Ashes and Seminarians
Updated: Mar 20, 2019
This year was the first time in my priesthood I wasn't in a parish for Ash Wednesday. It's a unique day in the life of the Church: all the bustle of Christmas and Easter with none of the food! As a priest, I was tasked with taking ashes and signing the foreheads of the people of God with the sign of the cross, reminding them that they are dust and to dust they shall return. You do anything over and over again, even a liturgical action like giving out ashes, and you start to fall into a rote repetition. What saved me from turning into an ash dispensing robot was the evident faith in the faces before me. I saw all the regulars, of course: the daily Mass goers, the school families, the members of the parish council, the reliable liturgical volunteers. But I was also struck by how many faces I didn't recognize. People who I hadn't remembered seeing before came into the church in a rush, eager to get some dirt slapped on their forehead. Whatever their record for Sunday Mass attendance, people wore that visible sign of faith with pride, and adjusted their Wednesday schedule to make sure they got it.
Things are different at the seminary. For starters, I counted myself lucky when the one other priest in the parish stuck around to help distribute ashes for my Mass. Here in Mundelein, there were twelve priests at Mass (a very apostolic number). With so many priests running around, for the first time in five years I didn't have to fret over the quality of my ash cross. I was able to sit and pray over what those ashes meant for me this Lent, to ponder my dusty fate. I haven't known such a spiritual luxury since I became a priest!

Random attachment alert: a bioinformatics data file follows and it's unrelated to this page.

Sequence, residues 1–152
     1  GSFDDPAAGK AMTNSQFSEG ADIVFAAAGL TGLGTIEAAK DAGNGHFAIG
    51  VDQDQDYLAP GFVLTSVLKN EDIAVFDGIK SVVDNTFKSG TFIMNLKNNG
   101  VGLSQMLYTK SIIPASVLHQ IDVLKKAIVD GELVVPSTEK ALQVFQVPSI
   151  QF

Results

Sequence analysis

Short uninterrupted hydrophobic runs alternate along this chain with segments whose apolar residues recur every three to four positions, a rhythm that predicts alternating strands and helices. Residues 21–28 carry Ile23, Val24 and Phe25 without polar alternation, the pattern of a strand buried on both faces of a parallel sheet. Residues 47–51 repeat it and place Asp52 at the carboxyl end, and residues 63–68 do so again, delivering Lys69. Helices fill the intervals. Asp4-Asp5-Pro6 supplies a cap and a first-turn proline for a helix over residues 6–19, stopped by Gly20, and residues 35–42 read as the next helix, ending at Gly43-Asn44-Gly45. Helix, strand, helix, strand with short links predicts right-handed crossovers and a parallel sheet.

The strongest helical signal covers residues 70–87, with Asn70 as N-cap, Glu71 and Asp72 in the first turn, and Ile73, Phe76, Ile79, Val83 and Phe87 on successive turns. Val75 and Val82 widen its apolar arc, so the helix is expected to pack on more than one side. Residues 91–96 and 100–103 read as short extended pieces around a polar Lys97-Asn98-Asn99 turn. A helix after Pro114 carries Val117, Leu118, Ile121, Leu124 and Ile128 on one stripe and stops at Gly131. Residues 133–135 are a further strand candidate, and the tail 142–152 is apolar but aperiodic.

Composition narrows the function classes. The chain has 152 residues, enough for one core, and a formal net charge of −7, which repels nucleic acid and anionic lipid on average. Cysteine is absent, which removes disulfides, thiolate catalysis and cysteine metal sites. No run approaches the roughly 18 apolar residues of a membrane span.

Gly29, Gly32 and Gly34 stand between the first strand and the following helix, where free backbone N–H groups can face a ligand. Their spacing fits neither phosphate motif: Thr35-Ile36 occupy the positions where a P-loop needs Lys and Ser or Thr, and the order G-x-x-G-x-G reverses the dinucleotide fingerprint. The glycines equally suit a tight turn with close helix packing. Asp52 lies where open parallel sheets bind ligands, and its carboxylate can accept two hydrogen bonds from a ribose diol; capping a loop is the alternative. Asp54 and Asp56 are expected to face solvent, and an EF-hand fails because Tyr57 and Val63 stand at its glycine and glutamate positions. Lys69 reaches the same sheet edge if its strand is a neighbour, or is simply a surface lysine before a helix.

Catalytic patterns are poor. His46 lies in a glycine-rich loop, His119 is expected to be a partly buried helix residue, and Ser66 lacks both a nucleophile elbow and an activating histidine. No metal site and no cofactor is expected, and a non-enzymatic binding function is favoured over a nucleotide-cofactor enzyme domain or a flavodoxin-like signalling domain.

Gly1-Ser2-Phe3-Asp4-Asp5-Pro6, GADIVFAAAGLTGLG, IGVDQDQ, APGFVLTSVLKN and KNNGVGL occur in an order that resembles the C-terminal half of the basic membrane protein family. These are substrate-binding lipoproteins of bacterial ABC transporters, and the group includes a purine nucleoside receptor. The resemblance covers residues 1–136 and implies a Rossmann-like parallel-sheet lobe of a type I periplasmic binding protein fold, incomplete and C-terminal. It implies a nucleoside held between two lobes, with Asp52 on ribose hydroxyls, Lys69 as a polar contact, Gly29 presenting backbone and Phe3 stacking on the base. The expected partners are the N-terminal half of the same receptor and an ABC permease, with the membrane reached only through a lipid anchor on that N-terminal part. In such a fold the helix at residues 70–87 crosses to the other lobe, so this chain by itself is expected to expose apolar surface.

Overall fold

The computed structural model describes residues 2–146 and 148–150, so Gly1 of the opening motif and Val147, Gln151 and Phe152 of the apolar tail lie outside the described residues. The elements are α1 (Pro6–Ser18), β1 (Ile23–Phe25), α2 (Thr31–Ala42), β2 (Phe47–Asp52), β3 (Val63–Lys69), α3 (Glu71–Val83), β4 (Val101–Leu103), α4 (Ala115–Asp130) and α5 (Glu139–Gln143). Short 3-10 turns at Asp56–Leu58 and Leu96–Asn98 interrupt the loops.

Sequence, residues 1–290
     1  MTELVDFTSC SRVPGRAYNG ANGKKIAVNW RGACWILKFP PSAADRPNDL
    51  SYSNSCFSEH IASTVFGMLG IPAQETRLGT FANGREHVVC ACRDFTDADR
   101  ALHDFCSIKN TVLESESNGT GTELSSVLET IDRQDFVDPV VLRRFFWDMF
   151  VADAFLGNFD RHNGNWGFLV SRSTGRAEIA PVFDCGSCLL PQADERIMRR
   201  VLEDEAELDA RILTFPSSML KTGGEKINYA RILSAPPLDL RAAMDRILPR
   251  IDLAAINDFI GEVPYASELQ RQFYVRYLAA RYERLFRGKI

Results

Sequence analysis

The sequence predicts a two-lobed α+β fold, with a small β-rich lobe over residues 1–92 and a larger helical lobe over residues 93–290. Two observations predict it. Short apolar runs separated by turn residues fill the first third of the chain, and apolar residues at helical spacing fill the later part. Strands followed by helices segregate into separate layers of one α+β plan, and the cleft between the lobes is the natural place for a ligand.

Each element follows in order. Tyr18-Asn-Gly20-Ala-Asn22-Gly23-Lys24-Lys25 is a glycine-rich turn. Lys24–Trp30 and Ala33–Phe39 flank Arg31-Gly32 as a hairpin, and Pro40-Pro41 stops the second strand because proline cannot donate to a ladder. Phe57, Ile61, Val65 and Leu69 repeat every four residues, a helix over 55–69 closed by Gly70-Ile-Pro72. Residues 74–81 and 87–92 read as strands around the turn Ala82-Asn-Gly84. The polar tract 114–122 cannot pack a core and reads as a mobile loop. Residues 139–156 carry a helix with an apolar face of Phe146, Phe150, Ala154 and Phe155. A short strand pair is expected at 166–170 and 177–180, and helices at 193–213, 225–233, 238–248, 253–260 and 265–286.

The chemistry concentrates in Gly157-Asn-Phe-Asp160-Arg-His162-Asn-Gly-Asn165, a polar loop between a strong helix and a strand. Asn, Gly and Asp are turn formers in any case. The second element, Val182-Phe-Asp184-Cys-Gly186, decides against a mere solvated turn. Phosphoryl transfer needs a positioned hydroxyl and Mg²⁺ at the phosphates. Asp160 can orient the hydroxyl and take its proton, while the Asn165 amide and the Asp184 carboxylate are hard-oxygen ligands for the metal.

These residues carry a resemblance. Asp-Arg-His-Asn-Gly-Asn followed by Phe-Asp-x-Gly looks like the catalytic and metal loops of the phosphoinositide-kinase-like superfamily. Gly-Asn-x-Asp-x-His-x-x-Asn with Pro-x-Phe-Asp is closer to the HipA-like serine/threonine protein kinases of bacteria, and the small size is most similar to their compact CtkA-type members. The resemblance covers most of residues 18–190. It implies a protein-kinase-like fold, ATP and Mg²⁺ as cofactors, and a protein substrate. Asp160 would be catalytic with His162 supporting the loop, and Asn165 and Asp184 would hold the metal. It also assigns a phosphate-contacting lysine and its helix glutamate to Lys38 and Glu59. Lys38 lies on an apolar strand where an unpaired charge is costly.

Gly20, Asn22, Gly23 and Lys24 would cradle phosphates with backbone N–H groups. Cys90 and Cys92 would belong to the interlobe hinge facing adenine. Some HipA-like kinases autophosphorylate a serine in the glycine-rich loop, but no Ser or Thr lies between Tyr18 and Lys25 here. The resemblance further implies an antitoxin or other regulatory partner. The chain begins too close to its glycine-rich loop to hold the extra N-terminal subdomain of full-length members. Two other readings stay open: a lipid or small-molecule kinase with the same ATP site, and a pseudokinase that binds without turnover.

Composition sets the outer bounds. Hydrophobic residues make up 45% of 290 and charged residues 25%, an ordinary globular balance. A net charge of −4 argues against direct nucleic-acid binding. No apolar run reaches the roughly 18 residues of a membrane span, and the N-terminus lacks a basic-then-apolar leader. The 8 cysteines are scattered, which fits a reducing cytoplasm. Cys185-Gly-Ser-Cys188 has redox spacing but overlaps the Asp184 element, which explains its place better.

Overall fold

I remained in that (admittedly) self-absorbed state of mind for most of the rest of the Mass. It happened that while I wasn't needed to help distribute ashes, I did end up distributing the Precious Blood for Communion. For the first time I looked out at the faces of the seminarians and I felt a thrill of shock run through me. I was struck by the sight of all those men wearing the sign of the cross drawn in ashes on their foreheads. Why was I shocked by that? I'm still not sure. Perhaps I was a little too far inside my own head that I had forgetten that other people had received ashes too. There was something more to it than that, though. There was a strangeness to the sight of those black crosses on row after row of heads. It seemed to me I was looking at branded men, men on whom the fire of the Spirit had descended to scorch the mark of the cross on their brows. It was the shock of seeing Christians, which is also always the shock of seeing Christ.
The external sign of the cross made of ashes did its job as a small-s sacramental: it revealed in visible signs an invisible reality. Of course those seminarians were all branded by the fire of the Spirit. Every Christian is. The ashes just reminded me of something I should have remembered. Yes, the ashes reminded me of my own mortality and my need for God's saving grace. But they also reminded me that everyone in the chapel with me was in the same boat. As we start the season of Lent, it's good to be confronted not only with my face covered in ashes but with the fact that there are others who share the same hope in the Resurrection, who cling to that hope enough to be willing to be seen in public with dirt on their foreheads. It's shocking to realize you're not alone.